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3. Peculiarities of the Christian System

Antiquities of the Christian Church
CHAPTER I. A General View of the Organization and Worship of the Primitive Church

3. Peculiarities of the Christian System

  1. This system presents the only true form of a church. The Jews had no distinct organization which could, with propriety, be denominated a church. Much less is any association under other forms of religion, entitled to this appellation.
  2. The christian church has always been distinguished for its veneration for the Holy Scriptures. The reading and exposition of these has, from the beginning, been an important part of christian worship. All the instructions and exhortations of the preacher, have been drawn from this source. The prayers, the psalmody, the catechisms and confessions of faith of the primitive Christians, together with their religious ordinances, were all based on the Scriptures.
  3. The doctrines of the Trinity and of the divinity of Christ, are the distinguishing characteristics of the christian system. The church itself is based especially on the first mentioned doctrine; so that there is not an ancient symbol, or confession, or rule of faith, in which it is not either expressed or distinctly implied, nor an ordinance which is not commemorative of the belief in God, the Father, Son, and Holy Ghost. This is implied in the consecration of churches to God. Even the names of God*, Dominus, according to the Athanasian creed, expresses the idea of a triune God. Deus triunus. Pater Dominus, Filius Dominus, Spiritus Sanctus Dominus; non tamen ires Domini, sed unus Dominus. The same sentiment is implied in the baptismal formulary; in the three elements of the eucharist – the bread, the wine, and the water; and in the three great festivals of the ancient church, which were instituted about the fourth century. [The author might have added, that the same is implied in the form of the ancient Christian's oath which was usually taken in the name of God, of Christ, and of the Holy Spirit. – Vegetius, as quoted by Bingham and Cave. – Tr.]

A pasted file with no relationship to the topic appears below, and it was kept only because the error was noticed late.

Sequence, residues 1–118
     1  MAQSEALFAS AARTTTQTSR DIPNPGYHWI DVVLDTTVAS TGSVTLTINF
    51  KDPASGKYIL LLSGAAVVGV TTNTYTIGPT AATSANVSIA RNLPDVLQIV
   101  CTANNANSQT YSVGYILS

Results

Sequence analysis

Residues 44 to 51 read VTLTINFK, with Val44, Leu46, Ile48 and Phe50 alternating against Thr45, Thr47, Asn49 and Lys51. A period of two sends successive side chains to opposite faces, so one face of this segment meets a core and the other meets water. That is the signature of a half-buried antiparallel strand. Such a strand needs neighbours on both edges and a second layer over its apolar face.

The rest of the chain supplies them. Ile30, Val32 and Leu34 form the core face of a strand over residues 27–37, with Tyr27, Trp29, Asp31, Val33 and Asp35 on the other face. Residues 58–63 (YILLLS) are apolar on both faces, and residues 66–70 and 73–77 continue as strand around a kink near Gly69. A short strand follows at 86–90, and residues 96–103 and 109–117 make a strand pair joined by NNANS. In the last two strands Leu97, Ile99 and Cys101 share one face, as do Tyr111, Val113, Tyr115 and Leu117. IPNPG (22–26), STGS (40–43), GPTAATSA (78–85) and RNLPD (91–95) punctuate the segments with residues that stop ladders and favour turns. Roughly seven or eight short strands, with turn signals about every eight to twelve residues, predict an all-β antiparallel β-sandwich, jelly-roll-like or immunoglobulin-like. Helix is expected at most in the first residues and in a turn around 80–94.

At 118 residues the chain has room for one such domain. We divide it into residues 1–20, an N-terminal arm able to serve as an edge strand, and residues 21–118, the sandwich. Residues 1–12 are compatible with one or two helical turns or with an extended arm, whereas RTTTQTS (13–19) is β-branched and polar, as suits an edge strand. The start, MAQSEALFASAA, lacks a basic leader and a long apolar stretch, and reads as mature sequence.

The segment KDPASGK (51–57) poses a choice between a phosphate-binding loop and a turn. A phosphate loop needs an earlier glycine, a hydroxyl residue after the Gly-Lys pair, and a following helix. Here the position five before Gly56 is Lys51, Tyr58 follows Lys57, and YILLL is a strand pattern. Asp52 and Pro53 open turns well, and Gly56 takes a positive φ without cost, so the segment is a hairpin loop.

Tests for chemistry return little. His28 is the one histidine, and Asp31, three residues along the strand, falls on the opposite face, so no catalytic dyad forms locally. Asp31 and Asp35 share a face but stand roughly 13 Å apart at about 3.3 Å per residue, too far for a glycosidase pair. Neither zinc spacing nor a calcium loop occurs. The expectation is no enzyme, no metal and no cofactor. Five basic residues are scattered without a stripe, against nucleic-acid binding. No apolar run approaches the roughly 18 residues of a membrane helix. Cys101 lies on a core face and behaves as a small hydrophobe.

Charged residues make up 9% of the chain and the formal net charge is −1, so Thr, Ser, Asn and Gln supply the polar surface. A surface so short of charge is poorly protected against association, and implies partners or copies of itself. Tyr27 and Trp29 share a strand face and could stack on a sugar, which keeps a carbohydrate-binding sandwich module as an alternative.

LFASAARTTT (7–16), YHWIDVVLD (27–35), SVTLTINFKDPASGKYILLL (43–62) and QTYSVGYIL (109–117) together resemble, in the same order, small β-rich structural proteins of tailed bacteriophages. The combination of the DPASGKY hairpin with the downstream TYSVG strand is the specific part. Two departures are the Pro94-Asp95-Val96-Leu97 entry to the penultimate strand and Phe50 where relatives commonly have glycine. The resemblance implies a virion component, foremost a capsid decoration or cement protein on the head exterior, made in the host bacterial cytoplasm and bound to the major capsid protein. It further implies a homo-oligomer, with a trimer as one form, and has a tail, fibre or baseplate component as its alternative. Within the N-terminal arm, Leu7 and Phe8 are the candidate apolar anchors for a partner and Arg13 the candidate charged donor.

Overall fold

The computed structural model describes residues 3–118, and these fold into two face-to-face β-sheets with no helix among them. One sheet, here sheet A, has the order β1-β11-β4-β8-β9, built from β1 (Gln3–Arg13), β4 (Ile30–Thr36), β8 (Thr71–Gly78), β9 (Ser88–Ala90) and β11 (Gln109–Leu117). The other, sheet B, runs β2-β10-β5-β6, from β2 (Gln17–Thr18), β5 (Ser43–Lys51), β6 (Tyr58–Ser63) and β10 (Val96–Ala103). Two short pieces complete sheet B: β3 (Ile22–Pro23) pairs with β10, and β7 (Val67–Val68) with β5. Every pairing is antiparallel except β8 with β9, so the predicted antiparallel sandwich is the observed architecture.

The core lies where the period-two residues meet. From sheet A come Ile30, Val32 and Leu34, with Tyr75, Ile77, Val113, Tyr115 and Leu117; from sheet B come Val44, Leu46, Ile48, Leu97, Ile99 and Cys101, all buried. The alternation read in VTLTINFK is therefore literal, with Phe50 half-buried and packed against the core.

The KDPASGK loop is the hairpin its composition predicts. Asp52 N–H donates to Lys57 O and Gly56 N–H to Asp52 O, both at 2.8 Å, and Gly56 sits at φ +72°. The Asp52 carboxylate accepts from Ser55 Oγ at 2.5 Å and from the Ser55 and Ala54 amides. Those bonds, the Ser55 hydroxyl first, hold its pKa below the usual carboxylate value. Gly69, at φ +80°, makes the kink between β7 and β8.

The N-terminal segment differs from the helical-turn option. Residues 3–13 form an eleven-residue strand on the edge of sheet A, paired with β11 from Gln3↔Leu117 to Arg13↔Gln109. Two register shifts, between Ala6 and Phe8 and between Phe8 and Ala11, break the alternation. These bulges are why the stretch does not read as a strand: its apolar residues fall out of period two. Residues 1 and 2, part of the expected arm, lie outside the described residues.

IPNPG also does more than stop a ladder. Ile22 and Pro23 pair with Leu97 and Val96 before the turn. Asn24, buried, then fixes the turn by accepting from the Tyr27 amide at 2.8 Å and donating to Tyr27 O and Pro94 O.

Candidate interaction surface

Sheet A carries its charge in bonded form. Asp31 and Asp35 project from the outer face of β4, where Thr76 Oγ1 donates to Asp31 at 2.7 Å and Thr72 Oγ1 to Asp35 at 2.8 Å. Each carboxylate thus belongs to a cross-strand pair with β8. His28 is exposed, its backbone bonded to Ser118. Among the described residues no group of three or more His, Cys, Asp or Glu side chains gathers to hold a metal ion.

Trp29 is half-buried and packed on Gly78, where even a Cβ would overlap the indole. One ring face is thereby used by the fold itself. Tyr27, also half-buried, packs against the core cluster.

The doctrine of the divinity of Christ appears in the sacrament which commemorates his death, and in the religious services connected with this ordinance, as well as in the prayers, doxologies, psalms and hymns, which are addressed to him. The same sentiment is expressed in many of the emblems and symbols of the ancient church, and in their mystical names, such as ΙΧΘΥΣ, composed of the initials of the following words: Ιησοῦς Χριστός Θεος Υἱός Σωτήρ Jesus Christ the Savior, the Son of God. The mystical word Abraxas, is another instance of the same kind, each letter representing the initials of the following words: Father, Son, Spirit,** one, i.e. one God, Christ, man, i.e. God-man, Savior.* 

  4. It is peculiar to the christian religion, that all the people take part in their religious services. The humblest worshipper, as well as the highest functionary, here enters the temple of his God, approaches the altar, and offers an acceptable sacrifice to our common God and Father.
  5. It is the peculiar privilege of the Christian that he may worship God, not at some appointed place, and at stated seasons; but at all times and in every place. 

Bellermann's Versuch liber die Gemmen der Alten mit dem Abraxas-Bilde. I–III. Berlin, 1817–19.8. S. St. I. S. 40–63. St. III. S. 43, 44. Fr. Münter's Sinnbilder und Kunstvorstellungen der alten Christen. I. u. II. Heft. Altona, 1825. 4.

Kestner's Agape. Jena, 1819. 8. u. Zugabe. s. 556 seq.

(* denotes Greek text in Rev. Lyman Coleman's translation.)

(** denotes Hebrew text in Rev. Lyman Coleman's translation.)


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